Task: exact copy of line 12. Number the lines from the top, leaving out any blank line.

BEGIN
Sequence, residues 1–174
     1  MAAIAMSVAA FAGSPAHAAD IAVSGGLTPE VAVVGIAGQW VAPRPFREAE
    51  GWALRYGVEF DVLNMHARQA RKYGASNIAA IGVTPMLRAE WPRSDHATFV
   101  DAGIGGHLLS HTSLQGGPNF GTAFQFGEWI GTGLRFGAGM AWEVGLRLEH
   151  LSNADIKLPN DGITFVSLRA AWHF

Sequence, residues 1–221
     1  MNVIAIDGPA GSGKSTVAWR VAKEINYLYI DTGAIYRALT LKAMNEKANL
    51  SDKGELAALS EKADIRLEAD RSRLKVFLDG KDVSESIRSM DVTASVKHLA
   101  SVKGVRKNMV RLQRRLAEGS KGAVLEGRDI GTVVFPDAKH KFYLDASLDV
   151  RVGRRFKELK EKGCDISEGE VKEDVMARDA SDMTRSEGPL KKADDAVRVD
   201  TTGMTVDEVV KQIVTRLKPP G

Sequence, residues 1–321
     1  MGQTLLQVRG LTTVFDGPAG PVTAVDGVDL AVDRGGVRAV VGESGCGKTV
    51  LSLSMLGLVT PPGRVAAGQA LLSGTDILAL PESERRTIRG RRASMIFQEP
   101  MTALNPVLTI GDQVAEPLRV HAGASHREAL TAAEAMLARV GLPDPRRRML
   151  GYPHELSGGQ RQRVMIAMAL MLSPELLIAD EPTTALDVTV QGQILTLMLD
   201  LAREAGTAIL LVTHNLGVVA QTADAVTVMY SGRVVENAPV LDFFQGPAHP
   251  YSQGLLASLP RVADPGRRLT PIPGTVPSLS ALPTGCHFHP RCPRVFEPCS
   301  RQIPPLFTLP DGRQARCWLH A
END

Sequence, residues 1–321